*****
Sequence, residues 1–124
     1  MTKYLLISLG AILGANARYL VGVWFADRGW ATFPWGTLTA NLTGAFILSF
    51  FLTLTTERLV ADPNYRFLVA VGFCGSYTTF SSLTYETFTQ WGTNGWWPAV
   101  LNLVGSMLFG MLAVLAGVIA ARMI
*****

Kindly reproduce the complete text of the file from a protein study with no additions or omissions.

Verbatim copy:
Sequence, residues 1–124
     1  MTKYLLISLG AILGANARYL VGVWFADRGW ATFPWGTLTA NLTGAFILSF
    51  FLTLTTERLV ADPNYRFLVA VGFCGSYTTF SSLTYETFTQ WGTNGWWPAV
   101  LNLVGSMLFG MLAVLAGVIA ARMI